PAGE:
Wilhelm Von Cocklespurs
Well, for better or worse, this family has finally got itself a rooster!
We actually tried to get a rooster a while ago, but our first attempt didn’t quite pan out. The local feed store got in an order of gold sex link chicks, and there were a few male chicks in the bunch, which are yellowish-white instead of reddish-gold. I picked out the whitest one I could find, named him Captain, and brought my little guy home. The weeks went by, the chicks all feathered out and grew up, but instead of turning into a handsome gold sex link roo, Captain grew into a beautiful whitish-gold Ameraucana pullet.
This time, we didn’t mess around. I saw an ad on a Facebook site for a 6 month old rooster, whom the seller claimed was too nice to eat, and I jumped on it.
We christened him Wilhelm Von Cocklespurs and appointed him the rank of Major General (because obviously). He’s an olive egger/Ameraucana cross. More to the point, he is magnificent and gorgeous and every time he crows, even at dawn, I feel a little rush in my chest. I think it’s the feeling of being closer to our goal of being out on the farm; to being a homesteader. I know that’s silly, but it’s also true.
We wanted a rooster for a number of reasons, but mainly to protect our flock.
We expanded to 13 hens this year, and we allow them to them free-range over the acre we live on. It’s not much and we do have quite a few neighbors, I know, but there are tons of predators around. I hear dozens of coyotes nightly, and even though I don’t see them, I know raccoons and opossums are around en mass. We lost two of our chicks (including Captain, the non-rooster) just a week ago to some unknown menace, but I suspect that a bald eagle or a red tail hawk got them because they were still in a fenced pen.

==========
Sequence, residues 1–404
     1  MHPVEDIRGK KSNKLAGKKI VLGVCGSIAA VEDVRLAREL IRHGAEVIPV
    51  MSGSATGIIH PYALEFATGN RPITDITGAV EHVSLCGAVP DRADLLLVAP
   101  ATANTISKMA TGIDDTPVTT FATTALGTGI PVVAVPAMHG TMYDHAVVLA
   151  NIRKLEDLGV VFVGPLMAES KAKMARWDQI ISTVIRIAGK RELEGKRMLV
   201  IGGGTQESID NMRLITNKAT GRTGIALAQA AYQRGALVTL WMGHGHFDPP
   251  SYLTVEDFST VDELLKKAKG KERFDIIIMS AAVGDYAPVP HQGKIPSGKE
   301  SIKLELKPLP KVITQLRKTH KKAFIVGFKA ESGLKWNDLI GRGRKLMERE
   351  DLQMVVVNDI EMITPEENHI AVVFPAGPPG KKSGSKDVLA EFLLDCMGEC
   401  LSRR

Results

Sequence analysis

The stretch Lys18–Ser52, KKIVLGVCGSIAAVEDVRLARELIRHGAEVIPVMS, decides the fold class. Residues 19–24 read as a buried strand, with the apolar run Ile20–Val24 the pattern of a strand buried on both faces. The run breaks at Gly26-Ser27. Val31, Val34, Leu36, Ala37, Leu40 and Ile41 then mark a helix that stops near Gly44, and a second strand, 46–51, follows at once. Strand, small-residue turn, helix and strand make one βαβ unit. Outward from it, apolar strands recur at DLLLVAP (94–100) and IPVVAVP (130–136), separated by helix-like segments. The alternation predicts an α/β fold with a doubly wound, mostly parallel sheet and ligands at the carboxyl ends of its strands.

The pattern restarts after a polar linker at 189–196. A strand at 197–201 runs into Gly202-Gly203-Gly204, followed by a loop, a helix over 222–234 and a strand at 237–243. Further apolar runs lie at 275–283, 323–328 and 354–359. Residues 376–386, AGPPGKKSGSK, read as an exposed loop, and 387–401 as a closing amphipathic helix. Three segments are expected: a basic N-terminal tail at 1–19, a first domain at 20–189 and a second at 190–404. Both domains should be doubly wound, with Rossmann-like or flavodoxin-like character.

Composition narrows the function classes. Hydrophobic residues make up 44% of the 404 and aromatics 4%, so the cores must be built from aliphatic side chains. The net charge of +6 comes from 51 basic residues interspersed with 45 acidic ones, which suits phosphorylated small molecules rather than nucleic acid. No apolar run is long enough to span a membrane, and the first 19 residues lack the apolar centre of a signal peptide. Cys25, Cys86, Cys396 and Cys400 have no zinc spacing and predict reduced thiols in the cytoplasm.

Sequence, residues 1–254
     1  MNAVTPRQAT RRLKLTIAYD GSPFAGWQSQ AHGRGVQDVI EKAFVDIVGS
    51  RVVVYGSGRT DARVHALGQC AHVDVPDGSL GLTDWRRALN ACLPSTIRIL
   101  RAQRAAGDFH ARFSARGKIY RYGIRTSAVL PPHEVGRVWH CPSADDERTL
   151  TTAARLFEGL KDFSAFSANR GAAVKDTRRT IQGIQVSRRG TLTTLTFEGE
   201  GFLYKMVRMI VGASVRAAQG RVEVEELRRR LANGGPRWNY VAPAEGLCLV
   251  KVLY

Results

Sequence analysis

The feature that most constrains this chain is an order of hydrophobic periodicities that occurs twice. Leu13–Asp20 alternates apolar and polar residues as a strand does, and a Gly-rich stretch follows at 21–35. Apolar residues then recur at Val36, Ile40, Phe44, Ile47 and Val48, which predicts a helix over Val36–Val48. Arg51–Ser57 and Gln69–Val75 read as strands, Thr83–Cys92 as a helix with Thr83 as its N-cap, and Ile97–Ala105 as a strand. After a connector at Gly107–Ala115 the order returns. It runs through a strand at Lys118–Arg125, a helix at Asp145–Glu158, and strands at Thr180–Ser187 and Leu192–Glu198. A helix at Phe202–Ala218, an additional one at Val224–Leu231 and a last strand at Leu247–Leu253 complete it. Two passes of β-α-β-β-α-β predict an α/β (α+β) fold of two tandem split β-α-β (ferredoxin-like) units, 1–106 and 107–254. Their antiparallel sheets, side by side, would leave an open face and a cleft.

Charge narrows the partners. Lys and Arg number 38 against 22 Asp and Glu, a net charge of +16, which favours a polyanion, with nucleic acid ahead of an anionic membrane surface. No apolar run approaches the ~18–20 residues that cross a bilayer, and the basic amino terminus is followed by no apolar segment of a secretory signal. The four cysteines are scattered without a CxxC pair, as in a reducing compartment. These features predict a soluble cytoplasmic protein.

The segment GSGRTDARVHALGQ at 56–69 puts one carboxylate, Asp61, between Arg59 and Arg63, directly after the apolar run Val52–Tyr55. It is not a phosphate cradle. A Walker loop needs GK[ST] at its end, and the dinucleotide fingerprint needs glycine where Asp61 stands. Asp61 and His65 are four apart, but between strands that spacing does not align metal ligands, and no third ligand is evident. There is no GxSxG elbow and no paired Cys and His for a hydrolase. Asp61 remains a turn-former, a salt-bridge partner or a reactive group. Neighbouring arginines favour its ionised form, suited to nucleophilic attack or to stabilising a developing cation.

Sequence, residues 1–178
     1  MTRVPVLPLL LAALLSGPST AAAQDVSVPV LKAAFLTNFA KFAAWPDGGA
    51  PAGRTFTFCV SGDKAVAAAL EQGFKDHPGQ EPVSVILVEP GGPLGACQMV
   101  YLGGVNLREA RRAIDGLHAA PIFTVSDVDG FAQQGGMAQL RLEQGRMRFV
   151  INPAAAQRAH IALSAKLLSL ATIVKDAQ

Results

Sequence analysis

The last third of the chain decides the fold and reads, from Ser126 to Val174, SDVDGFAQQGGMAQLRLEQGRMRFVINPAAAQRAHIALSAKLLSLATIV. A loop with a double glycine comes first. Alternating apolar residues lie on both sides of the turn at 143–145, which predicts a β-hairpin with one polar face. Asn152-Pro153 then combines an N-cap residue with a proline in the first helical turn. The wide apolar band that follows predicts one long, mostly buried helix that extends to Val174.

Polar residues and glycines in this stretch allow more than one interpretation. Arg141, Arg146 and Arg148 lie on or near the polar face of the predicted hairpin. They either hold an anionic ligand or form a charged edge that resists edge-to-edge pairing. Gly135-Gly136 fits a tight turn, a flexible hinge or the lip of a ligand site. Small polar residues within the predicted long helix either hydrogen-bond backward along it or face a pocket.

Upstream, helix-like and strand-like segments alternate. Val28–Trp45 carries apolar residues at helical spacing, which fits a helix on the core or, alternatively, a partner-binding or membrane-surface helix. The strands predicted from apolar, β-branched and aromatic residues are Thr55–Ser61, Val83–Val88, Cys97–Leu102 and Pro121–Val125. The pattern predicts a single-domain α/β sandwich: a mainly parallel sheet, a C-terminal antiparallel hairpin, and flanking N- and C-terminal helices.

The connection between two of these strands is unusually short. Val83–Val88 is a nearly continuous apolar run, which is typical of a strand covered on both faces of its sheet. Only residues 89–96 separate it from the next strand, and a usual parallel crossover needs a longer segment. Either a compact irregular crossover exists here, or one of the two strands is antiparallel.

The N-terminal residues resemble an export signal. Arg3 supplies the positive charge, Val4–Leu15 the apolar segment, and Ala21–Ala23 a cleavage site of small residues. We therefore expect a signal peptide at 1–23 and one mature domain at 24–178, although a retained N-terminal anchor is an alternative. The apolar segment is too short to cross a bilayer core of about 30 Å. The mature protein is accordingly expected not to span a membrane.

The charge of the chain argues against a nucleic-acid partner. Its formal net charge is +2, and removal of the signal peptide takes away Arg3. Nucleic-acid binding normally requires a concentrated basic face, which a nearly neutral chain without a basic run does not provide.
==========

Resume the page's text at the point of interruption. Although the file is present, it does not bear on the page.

A good rooster will be constantly vigilant, allowing the hens to relax and focus on their all-important egg laying duties. He will also protect his flock with his life. I hope that’s not something Wilhelm will ever have to do, but mature hens are a huge investment in time (not to mention a small-to-moderate investment in money), and we do feel better knowing he’s out there keeping an eye on things.
I knew adding a rooster, even a young one, to an existing flock of hens could sometimes be difficult. Chickens can be pretty brutal to any newcomers, and even with those lethal spurs it’s not unheard of for a few hens to literally peck a rooster to death.
So far though, thankfully, it’s been a smooth transition.
Per all the advice on the internet, we kept Wilhelm separated in the old chick pen for a couple of days and then moved him in with the ladies after they’d all already gone to roost for the night. The next morning when we let them out, everyone acted like he’d always been there, warbling and clucking at each other sweetly.
The young chicks aren’t leaving the barn much currently, so he mainly stays with the the mature hens, who can roam pretty far during the day. He trails behind them with one eye cocked to the sky and the edge of the field, crowing valiantly when he sees something strange and possibly dangerous (like the neighbor’s dog). He’s been very courteous and well-mannered to them, and even though he doesn’t quite trust us yet, he hasn’t been aggressive at all.
And that’s very good news for Major General Wilhelm, because otherwise we would have had to name him Headed For the Stew Pot.